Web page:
__asm__ __volatile__ (
        " push r16\n"
        " push r17\n"
        " ldi r16, %0\n"
        "2: ldi r17, 4\n"
        "1: dec r17\n"
        " nop\n"
        " brne 1b\n"       // jump backward to closest "1" label; forward would be 1f 
        " dec r16\n"
        " brne 2b\n"
        " pop r17\n"
        " pop r16\n"
        ::
        "M" (usec)
    );
}

You can use numbers as local labels.

cool - did not know that one!

J-M-L:
bon, vous pouvez toujours mettre "à la main" genre

...

(vérifiez exactement où est PC, je crois qu'il est toujours sur l'instruction courante - bref utilisez un adressage relatif par rapport à PC)

Guys ... this is the English language part of the forum.


static inline void delay_us (uint8_t usec)

You know, there's a built-in function to delay for X cycles:

 __builtin_avr_delay_cycles(n)

Yes sorry about that - guess I was tired and replied in French by mistake. Then went to edit my post but wanted to leave the original piece otherwise Krupski remark would have been weird.

I did not know that... sure makes things easier!

oqibidipo:
You can use numbers as local labels.

static inline void delay_us (uint8_t usec)

{
   asm volatile (
       " push r16\n"
       " push r17\n"
       " ldi r16, %0\n"
       "2: ldi r17, 4\n"
       "1: dec r17\n"
       " nop\n"
       " brne 1b\n"       // jump backward to closest "1" label; forward would be 1f
       " dec r16\n"
       " brne 2b\n"
       " pop r17\n"
       " pop r16\n"
       ::
       "M" (usec)
   );
}

Thank you! That was ultimately what I was looking for.

Krupski:
I did not know that... sure makes things easier!

The advantage is, the compiler knows what registers it is using, so it doesn't (necessarily) have to push and pop anything. It also adjusts the generated code in such a way that you can get cycle granularity, not just µs granularity.

Interesting results..... here's what one __builtin_avr_delay_cycles() compiles to (or should I say assembles to):

        __builtin_avr_delay_cycles(20);
  94:   86 e0           ldi     r24, 0x06       ; 6
  96:   8a 95           dec     r24
  98:   f1 f7           brne    .-4             ; 0x96 <main+0x1c>
  9a:   00 c0           rjmp    .+0             ; 0x9c <main+0x22>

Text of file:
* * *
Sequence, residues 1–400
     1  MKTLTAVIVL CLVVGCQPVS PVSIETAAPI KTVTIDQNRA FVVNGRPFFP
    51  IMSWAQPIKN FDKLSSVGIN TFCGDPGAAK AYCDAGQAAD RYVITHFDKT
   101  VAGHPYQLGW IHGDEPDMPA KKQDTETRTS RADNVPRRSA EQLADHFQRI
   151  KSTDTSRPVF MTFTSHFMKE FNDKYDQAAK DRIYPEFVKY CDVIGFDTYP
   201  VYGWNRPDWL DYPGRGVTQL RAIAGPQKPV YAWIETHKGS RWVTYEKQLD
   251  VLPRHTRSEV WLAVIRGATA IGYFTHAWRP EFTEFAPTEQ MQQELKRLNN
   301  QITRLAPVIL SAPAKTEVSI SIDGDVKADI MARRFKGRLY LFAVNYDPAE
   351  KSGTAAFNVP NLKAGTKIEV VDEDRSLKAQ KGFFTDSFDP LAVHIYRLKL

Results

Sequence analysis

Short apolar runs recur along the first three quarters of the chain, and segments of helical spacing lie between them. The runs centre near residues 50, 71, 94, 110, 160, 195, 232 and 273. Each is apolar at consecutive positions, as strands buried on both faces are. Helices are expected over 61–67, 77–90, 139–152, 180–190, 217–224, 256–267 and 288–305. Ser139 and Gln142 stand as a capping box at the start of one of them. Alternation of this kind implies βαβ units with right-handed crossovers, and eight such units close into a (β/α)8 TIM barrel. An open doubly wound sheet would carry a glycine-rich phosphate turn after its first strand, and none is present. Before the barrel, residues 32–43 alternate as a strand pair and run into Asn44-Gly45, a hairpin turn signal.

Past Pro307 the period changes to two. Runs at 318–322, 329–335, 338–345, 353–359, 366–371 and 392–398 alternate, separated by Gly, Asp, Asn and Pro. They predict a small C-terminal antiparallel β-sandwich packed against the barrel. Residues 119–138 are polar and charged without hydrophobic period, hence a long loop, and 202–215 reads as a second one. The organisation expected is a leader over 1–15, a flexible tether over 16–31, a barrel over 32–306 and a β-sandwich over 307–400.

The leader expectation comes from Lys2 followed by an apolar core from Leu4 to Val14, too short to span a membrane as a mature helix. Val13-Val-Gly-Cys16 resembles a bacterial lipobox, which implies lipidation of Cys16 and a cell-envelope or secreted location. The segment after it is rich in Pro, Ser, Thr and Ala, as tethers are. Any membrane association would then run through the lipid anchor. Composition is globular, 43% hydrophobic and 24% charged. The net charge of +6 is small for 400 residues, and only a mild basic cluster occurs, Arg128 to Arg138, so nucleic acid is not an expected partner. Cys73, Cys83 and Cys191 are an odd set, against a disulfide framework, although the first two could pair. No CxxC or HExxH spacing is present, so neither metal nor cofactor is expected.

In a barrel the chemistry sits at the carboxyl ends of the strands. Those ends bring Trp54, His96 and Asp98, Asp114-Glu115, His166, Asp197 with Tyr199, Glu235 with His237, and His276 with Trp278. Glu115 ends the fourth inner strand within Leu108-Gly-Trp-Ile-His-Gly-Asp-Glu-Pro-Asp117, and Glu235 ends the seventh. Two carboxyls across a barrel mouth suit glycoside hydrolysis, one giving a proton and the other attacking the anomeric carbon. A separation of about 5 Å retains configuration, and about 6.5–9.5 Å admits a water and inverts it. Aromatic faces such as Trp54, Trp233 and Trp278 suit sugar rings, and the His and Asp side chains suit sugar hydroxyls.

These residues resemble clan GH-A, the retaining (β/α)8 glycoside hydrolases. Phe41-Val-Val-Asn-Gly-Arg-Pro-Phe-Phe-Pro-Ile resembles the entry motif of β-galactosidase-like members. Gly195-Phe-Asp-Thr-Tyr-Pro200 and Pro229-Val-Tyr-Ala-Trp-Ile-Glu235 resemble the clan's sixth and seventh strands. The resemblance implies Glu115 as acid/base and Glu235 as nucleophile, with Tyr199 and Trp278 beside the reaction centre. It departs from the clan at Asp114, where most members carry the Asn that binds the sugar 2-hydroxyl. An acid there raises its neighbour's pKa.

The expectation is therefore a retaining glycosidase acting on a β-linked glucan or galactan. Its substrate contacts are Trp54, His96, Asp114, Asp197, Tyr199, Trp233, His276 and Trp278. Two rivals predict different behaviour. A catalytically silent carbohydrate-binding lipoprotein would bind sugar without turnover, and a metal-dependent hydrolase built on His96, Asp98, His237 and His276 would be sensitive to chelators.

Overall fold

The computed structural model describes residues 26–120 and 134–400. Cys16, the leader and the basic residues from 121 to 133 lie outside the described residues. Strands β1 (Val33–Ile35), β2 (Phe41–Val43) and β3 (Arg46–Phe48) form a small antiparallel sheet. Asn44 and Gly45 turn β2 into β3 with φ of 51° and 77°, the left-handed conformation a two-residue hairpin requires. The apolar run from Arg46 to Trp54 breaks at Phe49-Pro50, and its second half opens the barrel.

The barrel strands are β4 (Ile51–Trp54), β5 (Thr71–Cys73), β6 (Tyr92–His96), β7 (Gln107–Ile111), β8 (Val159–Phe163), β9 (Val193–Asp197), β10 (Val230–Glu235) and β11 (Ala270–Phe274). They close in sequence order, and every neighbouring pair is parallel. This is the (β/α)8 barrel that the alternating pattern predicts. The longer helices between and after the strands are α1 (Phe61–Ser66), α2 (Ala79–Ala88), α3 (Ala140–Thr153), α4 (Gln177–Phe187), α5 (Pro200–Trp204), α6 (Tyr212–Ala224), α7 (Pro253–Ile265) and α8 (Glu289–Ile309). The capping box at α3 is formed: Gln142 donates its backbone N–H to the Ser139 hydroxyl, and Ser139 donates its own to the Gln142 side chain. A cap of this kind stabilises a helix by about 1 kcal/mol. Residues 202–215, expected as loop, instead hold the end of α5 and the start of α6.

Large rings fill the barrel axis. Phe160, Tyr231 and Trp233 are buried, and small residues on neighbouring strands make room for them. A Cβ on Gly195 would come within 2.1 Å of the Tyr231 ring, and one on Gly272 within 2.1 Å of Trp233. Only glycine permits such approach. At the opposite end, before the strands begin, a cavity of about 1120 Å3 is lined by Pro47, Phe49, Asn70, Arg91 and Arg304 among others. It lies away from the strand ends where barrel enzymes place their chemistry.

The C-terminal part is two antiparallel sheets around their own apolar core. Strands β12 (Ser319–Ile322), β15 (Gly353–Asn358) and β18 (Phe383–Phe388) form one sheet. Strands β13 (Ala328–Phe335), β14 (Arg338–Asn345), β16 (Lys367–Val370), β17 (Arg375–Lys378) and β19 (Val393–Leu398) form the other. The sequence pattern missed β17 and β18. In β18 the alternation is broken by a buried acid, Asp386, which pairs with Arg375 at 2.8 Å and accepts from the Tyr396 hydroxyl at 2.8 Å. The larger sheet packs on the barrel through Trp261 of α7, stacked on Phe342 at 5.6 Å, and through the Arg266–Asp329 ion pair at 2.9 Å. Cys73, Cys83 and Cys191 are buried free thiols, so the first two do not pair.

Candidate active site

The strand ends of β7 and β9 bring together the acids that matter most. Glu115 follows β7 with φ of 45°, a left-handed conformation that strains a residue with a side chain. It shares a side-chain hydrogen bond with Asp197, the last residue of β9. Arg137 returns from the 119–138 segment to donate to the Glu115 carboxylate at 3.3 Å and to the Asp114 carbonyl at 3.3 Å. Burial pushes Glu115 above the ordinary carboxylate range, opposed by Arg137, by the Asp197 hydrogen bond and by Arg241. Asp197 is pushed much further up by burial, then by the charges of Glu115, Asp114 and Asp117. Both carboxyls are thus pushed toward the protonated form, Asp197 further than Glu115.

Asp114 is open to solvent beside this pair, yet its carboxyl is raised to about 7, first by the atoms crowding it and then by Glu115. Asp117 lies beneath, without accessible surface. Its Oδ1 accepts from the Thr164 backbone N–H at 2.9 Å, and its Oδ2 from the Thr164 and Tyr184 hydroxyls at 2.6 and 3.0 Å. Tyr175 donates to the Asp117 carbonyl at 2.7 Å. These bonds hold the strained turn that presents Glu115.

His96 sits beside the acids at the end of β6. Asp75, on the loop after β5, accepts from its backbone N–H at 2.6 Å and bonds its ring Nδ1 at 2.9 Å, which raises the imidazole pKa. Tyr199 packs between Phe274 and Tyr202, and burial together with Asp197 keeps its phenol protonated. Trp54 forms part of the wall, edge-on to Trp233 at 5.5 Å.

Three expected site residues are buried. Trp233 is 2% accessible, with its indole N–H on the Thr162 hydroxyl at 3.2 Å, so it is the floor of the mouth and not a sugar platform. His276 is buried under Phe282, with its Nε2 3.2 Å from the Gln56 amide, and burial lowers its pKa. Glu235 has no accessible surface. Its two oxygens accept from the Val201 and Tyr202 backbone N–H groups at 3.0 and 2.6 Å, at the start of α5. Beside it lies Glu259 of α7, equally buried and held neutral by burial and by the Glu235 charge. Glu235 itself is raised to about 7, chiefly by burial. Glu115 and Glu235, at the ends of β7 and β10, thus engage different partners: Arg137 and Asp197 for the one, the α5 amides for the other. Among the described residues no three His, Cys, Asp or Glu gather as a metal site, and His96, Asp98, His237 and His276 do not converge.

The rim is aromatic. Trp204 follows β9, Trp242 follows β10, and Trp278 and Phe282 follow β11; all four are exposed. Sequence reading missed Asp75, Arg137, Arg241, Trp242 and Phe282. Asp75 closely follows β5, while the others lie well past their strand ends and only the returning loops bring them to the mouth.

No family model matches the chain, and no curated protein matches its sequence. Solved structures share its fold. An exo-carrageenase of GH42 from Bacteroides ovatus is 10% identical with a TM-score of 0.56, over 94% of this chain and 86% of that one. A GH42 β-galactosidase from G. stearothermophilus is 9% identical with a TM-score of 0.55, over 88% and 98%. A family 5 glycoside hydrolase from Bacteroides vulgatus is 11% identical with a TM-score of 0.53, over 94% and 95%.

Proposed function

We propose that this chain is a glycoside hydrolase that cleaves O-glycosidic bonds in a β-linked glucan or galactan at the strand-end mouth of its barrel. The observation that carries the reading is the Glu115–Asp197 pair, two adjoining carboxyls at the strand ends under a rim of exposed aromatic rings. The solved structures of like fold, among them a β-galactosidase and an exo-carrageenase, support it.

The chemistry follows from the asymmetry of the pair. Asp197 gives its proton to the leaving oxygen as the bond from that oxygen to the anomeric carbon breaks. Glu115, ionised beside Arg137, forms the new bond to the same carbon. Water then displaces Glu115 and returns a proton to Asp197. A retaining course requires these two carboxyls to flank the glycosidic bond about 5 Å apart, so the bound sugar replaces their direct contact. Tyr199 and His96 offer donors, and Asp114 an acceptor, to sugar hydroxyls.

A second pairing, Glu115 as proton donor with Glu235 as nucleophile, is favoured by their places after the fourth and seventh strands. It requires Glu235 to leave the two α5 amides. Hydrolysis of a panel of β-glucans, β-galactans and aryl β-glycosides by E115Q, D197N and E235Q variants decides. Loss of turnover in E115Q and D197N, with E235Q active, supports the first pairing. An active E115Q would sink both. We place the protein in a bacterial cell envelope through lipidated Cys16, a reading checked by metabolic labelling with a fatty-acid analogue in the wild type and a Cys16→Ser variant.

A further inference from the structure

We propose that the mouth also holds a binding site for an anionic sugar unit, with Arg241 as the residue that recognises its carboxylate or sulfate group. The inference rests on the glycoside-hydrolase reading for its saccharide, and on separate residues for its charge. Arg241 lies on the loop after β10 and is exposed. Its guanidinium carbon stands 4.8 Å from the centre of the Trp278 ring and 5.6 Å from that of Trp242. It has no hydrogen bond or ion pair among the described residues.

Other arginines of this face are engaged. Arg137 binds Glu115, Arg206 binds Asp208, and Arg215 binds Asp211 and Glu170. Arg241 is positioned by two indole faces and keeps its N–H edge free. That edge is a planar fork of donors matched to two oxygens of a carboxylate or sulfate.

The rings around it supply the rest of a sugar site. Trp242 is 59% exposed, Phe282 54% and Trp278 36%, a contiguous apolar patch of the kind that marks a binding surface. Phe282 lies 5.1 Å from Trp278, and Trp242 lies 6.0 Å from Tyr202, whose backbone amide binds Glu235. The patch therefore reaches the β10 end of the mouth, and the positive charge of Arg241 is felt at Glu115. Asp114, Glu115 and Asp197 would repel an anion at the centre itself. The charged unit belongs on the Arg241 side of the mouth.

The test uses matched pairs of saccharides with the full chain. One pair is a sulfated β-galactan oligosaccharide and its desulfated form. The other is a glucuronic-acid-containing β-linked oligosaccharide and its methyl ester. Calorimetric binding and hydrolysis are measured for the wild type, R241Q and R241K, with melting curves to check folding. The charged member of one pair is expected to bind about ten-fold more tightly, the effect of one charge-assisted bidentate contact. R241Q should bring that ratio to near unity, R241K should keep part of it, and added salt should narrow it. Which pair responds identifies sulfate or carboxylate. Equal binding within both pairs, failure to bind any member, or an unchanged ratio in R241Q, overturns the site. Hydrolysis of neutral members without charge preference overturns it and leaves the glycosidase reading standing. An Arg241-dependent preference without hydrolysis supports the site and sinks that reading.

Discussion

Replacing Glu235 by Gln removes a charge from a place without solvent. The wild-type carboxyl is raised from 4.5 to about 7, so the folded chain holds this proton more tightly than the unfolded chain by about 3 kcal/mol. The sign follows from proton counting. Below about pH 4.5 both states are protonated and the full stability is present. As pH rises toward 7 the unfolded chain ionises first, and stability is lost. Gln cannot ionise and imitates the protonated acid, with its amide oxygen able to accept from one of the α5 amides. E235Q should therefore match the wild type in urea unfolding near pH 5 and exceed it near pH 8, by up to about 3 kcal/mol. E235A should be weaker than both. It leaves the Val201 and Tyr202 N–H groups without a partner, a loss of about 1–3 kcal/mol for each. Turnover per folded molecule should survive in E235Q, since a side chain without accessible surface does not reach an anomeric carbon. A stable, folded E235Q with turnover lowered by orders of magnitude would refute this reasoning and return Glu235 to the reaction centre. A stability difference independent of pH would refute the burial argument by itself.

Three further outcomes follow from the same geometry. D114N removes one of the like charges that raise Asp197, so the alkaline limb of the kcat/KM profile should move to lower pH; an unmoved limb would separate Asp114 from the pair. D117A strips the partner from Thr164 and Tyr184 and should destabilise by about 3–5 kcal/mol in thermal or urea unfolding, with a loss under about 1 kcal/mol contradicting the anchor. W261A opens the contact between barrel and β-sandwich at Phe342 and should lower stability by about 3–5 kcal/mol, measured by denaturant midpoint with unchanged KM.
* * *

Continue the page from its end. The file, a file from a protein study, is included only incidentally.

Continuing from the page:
Notice that the decimal 20 input parameter was changed to 6.
So, I did a bunch of them, left out the ones that added an extra NOP and got this data (first digit is the input parameter, the second is the loop count generated):

** **20, 6 30, 10 50, 16 60, 20 80, 26 90, 30 110, 36 120, 40 140, 46 150, 50 170, 56 180, 60 200, 66** **

Graphing it and doing a linear curve fit gives me these values:

[b]name:     Linear
kind:     Regression
family:   Linear Regressions
equation: m * x + b

Parameters:
b =    -3.331E-01
m =    3.331E-01

[/b]

So, it looks like it takes about 3 cycles each time around the loop, which makes sense... the DEC instruction takes 1 cycle and the BRNE instruction takes 2 cycles if the branch is taken.

All quite interesting.......

      __builtin_avr_delay_cycles(20);

94:  86 e0          ldi    r24, 0x06      ; 6
  96:  8a 95          dec    r24
  98:  f1 f7          brne    .-4            ; 0x96 <main+0x1c>
  9a:  00 c0          rjmp    .+0            ; 0x9c <main+0x22>

OK:

  • LDI - 1 cycle
  • DEC - 1 cycle
  • BRNE - 1 cycle if no branch, 2 cycles if branch
  • RJMP - 2 cycles

So, 5 * DEC/BRNE with a branch (3 cycles each, total of 15 cycles). Add 1 * DEC/BRNE with no branch (2 cycles). Add LDI and RJMP. Total of 20 cycles. As requested. That's the smart sort of thing the compiler does to give you the exact requested number of cycles.

Yup. So I see.

I remember doing a lot of cycle counting when I did Motorola HC11 and 6809 programming. Somehow, the assembler syntax of Motorola (and even Intel) is SO much easier to deal with than the "packed bits" gibberish of Atmel.

I mean.... in Motorola, [b]LDA #$20[/b] assembles to "[b]86 20[/b]". Makes perfect sense. In Atmel ASM, I can imagine it being something like [b]30 E2[/b] <----(whatever THAT means).

Kinda difficult to pop a NOP or a BRN into running code to debug it. Yes, Motorola has a "Branch Never" instruction, a 2 byte complement to BRA (Branch Always) which comes in VERY handy for debugging and for doing the "CMPX immediate" trick of jumping over 2 bytes.

Oh wait... you did Motorola stuff... you already know this, yes?

Yes, I used to hand-assemble Motorola code. :slight_smile: